“A man has got to die of something, because it would be a shame to die of nothing,” is a quote from my friend Joey W. What brings this to mind today is a conversation with my youngest son who is considering joining the Marine Corps. He said that the question he still had is knowing how he would deal with someone shooting at him. Not being a military veteran, I could only relate to dealing with fear as a firefighter.
In dealing with high risk, high consequence situations, my thoughts are that you consider what could happen. You think them through very well. Determine the possible outcomes, step by step. Keep asking what if, and then what until you reach the logical termination. Then you reject or accept the consequences. Rejection means you find something else to do, another way. Accepting the consequences means you study well, train hard and practice often. “Train like you fight, fight like you train.” Then focus on the job at hand.
In 1993, I attended a Franklin training seminar “What Matters Most.” I don’t think it was Franklin Covey at that time though Jim Savage was the instructor. He was a former coach, I think an offensive coordinator, for the Washington Redskins. He taught us to establish our values in a written format to reference. He said the principles on which we build our lives are un-perceptively threatened by daily influences. Writing and reviewing these would allow that we could better manage our lives. We could make conscious decisions, to change or not to change, of these precepts and not allow arbitrary evolution. I took his advice.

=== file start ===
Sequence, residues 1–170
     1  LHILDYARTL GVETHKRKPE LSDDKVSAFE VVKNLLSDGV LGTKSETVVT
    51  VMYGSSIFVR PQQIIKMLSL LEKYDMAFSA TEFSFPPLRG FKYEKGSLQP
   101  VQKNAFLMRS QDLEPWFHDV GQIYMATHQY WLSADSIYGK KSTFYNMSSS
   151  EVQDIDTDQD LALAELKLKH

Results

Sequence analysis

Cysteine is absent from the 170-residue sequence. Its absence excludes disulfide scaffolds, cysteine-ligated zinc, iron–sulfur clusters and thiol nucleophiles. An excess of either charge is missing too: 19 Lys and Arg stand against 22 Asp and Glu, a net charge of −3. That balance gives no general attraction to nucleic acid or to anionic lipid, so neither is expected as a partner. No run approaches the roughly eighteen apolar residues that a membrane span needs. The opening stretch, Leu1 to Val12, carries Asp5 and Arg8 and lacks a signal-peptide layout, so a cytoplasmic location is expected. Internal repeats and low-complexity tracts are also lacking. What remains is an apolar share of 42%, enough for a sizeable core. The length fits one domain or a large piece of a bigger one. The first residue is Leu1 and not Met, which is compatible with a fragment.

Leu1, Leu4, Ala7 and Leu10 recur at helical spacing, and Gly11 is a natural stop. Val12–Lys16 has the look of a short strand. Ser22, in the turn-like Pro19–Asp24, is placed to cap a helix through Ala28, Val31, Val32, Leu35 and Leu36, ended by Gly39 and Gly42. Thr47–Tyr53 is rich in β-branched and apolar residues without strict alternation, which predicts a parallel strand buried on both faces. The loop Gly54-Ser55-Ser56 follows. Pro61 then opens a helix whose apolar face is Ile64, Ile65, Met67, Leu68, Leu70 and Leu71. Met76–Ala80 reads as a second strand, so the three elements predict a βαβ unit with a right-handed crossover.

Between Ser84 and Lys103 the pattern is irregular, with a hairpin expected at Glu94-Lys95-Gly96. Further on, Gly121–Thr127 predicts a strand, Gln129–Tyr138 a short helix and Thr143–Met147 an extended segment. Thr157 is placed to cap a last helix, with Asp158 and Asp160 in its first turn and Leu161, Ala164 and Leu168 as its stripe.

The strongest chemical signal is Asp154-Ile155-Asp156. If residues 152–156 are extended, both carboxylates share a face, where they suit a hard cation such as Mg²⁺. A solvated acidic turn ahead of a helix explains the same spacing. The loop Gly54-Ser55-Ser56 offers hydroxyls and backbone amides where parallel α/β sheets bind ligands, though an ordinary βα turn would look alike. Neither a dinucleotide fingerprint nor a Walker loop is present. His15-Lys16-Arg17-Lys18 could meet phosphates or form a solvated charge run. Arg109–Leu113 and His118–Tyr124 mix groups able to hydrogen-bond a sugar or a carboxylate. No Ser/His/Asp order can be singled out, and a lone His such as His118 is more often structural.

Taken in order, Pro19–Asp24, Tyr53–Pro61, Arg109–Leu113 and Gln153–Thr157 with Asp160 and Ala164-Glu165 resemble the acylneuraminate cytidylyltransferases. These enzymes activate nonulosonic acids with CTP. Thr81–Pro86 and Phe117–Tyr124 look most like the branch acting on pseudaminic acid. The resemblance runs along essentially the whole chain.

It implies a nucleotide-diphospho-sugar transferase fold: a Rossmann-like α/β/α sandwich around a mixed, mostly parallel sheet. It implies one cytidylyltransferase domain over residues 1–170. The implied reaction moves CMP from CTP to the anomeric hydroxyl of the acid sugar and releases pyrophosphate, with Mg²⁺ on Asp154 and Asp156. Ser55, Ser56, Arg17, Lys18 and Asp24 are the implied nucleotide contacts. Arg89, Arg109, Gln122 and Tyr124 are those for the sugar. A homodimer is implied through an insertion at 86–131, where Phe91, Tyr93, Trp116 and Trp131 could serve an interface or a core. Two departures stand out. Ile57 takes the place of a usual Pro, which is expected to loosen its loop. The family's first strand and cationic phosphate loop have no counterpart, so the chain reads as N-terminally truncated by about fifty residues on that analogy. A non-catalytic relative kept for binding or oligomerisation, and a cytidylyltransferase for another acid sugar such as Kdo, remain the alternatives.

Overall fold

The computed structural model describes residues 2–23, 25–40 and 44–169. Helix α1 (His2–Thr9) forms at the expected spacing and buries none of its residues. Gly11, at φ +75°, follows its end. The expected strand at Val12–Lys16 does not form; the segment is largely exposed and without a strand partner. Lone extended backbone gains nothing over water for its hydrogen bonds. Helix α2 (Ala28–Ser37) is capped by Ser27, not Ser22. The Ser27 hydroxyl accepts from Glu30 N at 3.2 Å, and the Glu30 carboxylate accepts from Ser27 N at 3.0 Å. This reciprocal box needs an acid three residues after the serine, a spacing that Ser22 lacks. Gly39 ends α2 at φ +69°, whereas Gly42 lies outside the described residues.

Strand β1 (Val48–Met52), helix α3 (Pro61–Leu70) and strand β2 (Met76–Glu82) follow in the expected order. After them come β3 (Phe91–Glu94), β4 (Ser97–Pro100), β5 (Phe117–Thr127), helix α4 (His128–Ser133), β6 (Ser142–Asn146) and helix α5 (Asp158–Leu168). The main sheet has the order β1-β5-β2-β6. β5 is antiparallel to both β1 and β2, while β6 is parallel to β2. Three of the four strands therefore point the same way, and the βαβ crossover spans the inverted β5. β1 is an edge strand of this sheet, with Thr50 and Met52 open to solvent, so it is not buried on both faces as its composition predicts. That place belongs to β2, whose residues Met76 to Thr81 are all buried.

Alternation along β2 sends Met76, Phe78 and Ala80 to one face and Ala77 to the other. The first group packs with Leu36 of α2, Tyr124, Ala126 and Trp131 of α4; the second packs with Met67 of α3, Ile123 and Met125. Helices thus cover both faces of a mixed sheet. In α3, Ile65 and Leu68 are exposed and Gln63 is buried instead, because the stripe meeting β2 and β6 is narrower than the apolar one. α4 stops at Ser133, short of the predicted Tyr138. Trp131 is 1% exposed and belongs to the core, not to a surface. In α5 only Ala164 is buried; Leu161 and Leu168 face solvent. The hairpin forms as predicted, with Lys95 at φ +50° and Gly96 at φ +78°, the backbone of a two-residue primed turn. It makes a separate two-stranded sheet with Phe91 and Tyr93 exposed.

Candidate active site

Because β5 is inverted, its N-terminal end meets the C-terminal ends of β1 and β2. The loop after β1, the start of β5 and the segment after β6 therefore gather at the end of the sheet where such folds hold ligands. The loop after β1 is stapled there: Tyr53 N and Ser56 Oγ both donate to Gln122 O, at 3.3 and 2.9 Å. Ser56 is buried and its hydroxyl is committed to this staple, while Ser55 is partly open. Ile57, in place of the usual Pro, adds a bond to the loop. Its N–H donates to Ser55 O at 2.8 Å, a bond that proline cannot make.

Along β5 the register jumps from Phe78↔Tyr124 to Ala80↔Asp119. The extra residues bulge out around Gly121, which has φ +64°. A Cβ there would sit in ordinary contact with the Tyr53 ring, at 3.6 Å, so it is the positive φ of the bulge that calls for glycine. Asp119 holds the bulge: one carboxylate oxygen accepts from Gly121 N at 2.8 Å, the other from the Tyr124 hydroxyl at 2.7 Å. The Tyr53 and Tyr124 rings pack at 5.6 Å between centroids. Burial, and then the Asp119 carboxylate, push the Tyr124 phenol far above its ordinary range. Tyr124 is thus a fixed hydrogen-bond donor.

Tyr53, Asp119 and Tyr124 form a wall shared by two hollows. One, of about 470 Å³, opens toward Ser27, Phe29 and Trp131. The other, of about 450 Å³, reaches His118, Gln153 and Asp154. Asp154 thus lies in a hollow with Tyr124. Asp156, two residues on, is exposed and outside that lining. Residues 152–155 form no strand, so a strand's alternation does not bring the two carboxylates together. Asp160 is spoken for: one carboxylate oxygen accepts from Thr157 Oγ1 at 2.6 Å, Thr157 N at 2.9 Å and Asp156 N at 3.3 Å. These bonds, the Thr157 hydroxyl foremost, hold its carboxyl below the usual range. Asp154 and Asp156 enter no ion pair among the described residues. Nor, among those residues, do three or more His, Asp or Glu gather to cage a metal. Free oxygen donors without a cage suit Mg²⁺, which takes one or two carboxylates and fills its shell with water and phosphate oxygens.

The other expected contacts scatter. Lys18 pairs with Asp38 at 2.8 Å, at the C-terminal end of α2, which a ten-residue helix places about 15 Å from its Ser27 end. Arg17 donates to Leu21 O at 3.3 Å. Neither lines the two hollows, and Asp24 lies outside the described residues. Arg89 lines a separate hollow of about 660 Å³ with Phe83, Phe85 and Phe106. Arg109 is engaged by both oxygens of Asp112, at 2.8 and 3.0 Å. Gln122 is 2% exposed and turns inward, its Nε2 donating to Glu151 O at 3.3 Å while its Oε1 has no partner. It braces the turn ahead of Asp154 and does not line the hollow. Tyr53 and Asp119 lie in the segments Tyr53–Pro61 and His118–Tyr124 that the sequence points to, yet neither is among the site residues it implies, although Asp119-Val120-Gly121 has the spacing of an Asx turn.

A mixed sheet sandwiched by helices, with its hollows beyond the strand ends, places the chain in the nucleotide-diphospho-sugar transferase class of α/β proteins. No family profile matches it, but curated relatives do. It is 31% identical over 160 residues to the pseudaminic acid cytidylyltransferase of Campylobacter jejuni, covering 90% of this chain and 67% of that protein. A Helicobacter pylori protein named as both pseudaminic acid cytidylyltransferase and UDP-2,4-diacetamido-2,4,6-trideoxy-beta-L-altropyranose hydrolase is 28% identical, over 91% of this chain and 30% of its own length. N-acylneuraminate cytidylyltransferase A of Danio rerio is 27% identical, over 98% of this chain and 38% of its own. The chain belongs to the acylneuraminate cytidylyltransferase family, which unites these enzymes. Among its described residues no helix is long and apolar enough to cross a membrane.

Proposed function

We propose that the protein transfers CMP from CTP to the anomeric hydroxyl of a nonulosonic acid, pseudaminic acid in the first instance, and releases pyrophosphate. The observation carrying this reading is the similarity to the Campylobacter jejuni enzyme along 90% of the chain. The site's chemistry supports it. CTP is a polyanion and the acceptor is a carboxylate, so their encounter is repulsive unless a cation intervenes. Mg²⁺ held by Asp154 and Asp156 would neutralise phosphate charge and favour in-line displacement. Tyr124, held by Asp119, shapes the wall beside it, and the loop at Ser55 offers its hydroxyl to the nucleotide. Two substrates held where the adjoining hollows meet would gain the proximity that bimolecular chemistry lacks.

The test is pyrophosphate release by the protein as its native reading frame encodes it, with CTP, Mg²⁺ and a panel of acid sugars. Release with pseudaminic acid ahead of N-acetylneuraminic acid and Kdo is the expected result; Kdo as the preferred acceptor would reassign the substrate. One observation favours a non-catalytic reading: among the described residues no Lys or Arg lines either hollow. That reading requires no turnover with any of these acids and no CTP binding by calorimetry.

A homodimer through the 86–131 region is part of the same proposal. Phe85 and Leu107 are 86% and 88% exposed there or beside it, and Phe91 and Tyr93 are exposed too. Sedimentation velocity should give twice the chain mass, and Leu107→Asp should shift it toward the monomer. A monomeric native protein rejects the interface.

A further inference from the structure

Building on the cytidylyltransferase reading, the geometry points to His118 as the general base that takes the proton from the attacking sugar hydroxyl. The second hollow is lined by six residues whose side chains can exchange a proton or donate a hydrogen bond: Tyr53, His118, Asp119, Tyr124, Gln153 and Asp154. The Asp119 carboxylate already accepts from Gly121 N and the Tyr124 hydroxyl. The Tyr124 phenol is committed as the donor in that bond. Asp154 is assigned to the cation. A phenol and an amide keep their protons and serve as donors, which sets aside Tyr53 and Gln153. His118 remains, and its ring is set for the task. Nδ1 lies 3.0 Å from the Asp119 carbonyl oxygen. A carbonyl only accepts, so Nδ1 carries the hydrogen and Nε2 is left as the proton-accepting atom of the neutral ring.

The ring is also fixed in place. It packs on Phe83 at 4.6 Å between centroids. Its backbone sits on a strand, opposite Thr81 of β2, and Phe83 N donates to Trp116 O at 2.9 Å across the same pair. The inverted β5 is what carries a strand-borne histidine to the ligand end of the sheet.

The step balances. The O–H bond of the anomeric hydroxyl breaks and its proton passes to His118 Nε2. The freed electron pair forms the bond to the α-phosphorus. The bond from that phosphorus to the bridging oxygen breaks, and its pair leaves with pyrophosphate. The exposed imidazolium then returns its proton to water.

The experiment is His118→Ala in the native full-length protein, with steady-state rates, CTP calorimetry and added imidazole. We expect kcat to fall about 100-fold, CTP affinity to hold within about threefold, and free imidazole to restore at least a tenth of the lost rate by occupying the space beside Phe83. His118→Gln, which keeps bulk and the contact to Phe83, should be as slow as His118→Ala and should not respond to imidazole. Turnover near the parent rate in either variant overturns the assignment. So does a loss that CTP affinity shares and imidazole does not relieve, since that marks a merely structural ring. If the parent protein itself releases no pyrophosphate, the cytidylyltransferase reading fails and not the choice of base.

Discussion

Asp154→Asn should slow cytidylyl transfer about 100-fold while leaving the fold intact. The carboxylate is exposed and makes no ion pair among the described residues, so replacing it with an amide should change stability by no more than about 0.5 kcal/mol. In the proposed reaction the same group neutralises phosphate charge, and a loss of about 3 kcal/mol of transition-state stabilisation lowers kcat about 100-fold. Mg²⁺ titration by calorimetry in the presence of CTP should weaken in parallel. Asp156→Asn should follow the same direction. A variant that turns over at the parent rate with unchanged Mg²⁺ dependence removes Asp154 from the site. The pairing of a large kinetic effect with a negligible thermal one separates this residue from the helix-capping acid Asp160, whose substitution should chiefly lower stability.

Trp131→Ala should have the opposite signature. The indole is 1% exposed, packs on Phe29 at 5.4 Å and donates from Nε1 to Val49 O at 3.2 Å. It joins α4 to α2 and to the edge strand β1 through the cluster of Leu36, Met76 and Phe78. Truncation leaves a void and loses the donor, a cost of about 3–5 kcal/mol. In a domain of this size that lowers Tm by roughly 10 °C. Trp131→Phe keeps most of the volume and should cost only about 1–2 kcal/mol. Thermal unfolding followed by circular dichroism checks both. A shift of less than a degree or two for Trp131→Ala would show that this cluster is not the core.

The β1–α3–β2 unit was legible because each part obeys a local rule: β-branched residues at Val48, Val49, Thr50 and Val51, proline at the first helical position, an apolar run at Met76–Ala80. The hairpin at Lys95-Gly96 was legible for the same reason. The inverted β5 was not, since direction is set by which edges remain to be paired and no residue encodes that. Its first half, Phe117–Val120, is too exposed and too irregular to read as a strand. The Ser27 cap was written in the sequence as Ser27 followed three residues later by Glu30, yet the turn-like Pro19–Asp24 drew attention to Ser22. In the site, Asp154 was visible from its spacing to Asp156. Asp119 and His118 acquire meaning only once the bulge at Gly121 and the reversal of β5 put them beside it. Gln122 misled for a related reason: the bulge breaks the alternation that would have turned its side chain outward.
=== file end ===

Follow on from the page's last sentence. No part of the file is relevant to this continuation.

At one point I reviewed my acceptance of the life and death, and injury, consequences of the choice of my career. It came in line of a series of firefighter injuries and deaths where the risk was to save abandon, vacant buildings, valueless property. Yes, someone will say, “You never know that someone just may be in there.” This was my question, “What would I willingly die for?” Here is my answer, “I would die for my faith, my family, my friends, my foe and freedom.” I also wrote justification for my answer which is more detailed than today’s purpose.
This led me to as another question. I found this next question more difficult to answer. I felt I needed to know. I have this planning background that believes in predetermined actions for predetermined situations. You can expect eventualities then identify and practice the behaviors necessary for survival. My next question was, “What would I kill for?” Here is my answer, “I would kill only for the protection of another person’s life when in immediate jeopardy.”
I remember kissing my wife and babies good-bye the mornings before work and wondering. I get teary eyed thinking about it. How do you know how you will react to a situation? The answer is a question, “How have you prepared yourself?”
Good questions. The answer will be different for each of us and will include our faith, our training in life and our reactions (which are a part of our training). God only knows.
So true – how prepared you are reflects how well you will handle any situation. I’m really impressed that you are not only willing to die for family, something most of us would do; you are willing to die for your foe. That’s intense!
I also like Joey W.’s quote. Since it is a given that we all are going to die – I not only want to die for something rather than nothing; I want to live for something rather than nothing in particular.
Ditto – “I want to live for something rather than nothing in particular.” Thanks for stopping by and dropping in the comment.